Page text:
Cellular mobile wireless

Wireless Internet access from cellular networks goes by many names including “Mobile”, “HSPA’, “3G”, “4G” and “LTE”. Sometimes extremely fast and usually quite reliable, cellular is an excellent option as a secondary Internet connection for most users. Although widely available in rural Canada, relying on cellular networks as a primary Internet connection can be very costly especially if the user streams video from services like YouTube or Netflix.



Fixed wireless

Like mobile wireless, Fixed Wireless uses a network of towers to deliver data to and from the Internet to a customer’s premises. But, unlike cellular wireless, fixed wireless requires a permanently installed access point on a residence or business to secure an upload and download link from a tower. Depending on the frequency used, output power, and tower height, most customers require an unobstructed line of sight from a near-by tower to their location. Depending on topography the range of most towers in a fixed wireless network can vary from anywhere between 2 to 12 km or more. Fixed wireless is typically not as fast as the DSL services however it is more readily available in rural areas. Also, most fixed wireless providers also tend to have a higher monthly usage caps for data on their services.



Bandwidth vs. Speed

The term “bandwidth” is often confused with “speed” when it comes to high speed internet access and is sometimes used interchangeably. The Speed of a connection generally refers to “bit-rate” and how quickly a connection can find and retrieve data. Speed is often used as a measure of internet packages; ie 10 Mbps as the advertised download speed and 80 Kbps upload speed.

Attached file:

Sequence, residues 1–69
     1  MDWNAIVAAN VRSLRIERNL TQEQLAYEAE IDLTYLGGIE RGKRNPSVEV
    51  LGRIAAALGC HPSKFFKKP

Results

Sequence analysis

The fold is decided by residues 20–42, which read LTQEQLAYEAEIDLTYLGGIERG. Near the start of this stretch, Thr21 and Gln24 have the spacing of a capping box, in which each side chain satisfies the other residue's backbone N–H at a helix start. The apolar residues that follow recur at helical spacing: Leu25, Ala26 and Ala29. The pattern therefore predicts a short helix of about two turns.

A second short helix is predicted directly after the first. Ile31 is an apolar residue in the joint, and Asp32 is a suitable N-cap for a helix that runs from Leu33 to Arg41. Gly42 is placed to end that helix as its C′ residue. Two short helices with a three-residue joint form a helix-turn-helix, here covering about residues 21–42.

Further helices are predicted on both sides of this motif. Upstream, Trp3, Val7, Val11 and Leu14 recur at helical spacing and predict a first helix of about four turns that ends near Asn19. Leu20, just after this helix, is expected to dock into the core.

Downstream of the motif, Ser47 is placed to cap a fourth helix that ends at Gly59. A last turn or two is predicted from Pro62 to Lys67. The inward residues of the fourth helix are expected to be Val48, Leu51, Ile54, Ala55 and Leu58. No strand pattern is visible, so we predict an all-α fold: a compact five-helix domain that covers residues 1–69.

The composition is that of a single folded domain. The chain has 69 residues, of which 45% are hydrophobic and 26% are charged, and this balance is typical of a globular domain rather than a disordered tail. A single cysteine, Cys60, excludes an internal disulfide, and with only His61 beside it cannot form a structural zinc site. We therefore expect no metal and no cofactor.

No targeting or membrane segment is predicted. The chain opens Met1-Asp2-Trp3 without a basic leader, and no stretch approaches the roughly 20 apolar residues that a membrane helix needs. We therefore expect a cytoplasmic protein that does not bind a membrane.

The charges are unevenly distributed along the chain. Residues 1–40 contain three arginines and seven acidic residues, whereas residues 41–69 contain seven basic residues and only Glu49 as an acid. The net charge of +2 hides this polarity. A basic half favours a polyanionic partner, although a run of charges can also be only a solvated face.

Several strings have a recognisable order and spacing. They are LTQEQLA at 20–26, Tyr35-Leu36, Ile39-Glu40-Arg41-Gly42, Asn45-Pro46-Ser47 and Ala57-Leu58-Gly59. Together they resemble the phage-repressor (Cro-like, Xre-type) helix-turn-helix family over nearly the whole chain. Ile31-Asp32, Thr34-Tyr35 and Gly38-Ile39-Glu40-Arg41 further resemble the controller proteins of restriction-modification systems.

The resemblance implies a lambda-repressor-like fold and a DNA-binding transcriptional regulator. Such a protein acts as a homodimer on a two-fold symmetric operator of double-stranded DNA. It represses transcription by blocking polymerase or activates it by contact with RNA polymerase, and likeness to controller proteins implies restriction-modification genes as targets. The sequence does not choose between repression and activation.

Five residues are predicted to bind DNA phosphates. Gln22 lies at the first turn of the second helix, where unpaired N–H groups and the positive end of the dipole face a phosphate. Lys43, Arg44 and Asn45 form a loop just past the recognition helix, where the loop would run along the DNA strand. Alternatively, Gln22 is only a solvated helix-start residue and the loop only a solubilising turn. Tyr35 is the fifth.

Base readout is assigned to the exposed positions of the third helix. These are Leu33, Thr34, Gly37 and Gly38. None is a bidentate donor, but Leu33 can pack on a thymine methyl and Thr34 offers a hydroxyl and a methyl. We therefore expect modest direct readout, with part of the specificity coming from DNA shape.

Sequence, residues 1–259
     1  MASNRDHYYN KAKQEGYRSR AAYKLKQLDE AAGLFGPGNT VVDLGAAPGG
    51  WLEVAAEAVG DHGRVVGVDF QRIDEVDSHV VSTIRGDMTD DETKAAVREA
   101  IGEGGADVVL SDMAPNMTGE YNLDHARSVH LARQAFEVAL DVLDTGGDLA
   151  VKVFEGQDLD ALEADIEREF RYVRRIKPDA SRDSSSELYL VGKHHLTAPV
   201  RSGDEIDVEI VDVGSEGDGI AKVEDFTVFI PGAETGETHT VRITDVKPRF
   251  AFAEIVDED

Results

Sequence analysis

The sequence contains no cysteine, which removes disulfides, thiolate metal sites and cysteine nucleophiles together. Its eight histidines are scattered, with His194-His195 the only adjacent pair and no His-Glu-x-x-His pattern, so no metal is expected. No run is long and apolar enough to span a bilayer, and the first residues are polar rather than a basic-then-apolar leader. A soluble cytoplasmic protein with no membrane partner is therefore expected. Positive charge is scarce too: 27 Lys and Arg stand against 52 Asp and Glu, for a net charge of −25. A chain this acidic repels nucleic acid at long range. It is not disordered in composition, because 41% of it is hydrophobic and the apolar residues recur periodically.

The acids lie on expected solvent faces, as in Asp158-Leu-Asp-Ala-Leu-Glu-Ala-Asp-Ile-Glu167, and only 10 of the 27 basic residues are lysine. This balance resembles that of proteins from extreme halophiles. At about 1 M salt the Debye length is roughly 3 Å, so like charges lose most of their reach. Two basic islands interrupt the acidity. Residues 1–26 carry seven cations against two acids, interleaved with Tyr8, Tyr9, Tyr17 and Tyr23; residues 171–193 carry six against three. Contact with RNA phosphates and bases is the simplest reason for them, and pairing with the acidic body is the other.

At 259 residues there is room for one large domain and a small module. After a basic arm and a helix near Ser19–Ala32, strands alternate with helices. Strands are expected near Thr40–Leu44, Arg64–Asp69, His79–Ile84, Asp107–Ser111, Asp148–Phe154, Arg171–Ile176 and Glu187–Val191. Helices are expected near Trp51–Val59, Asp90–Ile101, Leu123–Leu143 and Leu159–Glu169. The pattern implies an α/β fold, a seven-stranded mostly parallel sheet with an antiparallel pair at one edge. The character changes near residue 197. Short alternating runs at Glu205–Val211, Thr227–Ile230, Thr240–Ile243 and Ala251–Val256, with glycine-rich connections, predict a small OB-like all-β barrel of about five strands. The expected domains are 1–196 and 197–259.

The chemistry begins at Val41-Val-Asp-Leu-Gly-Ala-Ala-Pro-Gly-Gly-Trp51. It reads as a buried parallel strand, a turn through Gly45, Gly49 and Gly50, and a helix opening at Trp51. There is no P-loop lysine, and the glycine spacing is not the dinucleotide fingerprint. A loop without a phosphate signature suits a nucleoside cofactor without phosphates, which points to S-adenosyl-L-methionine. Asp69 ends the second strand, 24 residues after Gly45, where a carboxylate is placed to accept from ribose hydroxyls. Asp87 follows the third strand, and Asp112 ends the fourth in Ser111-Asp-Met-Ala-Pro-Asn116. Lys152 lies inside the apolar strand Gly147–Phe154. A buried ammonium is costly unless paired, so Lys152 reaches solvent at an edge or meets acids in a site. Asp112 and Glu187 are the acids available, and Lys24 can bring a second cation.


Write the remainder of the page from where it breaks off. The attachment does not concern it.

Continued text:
However bandwidth refers to capacity of the internet pipe a user connects to. A connection with a high bandwidth service would allow multiple users sharing the same pipe to access content at the same time without greatly impacting speed. Generally speaking an internet connection with higher bandwidth also means a higher speed connection.



Usage Cap

As of July 2015 there were close to 3.2 billion global internet users. All of these users access the internet by a variety of platforms capable of different speeds- from lightning fast fibre to super-slow dial-up. More and more internet users want richer data content like streaming HD video services more frequently. Many networks are struggling to cope with these demands. In Canada instead of suppressing content from these high demand applications to mitigate the impact on their networks, Internet Service Providers issue a daily, weekly or monthly allotment of data transfers referred to as “usage caps”. If the subscriber uses more data than they are allotted the ISP will bill the subscriber for their overuse. As is the law, these usage caps, as well as the charges for overuse must be explicitly detailed in the subscriber’s service agreement.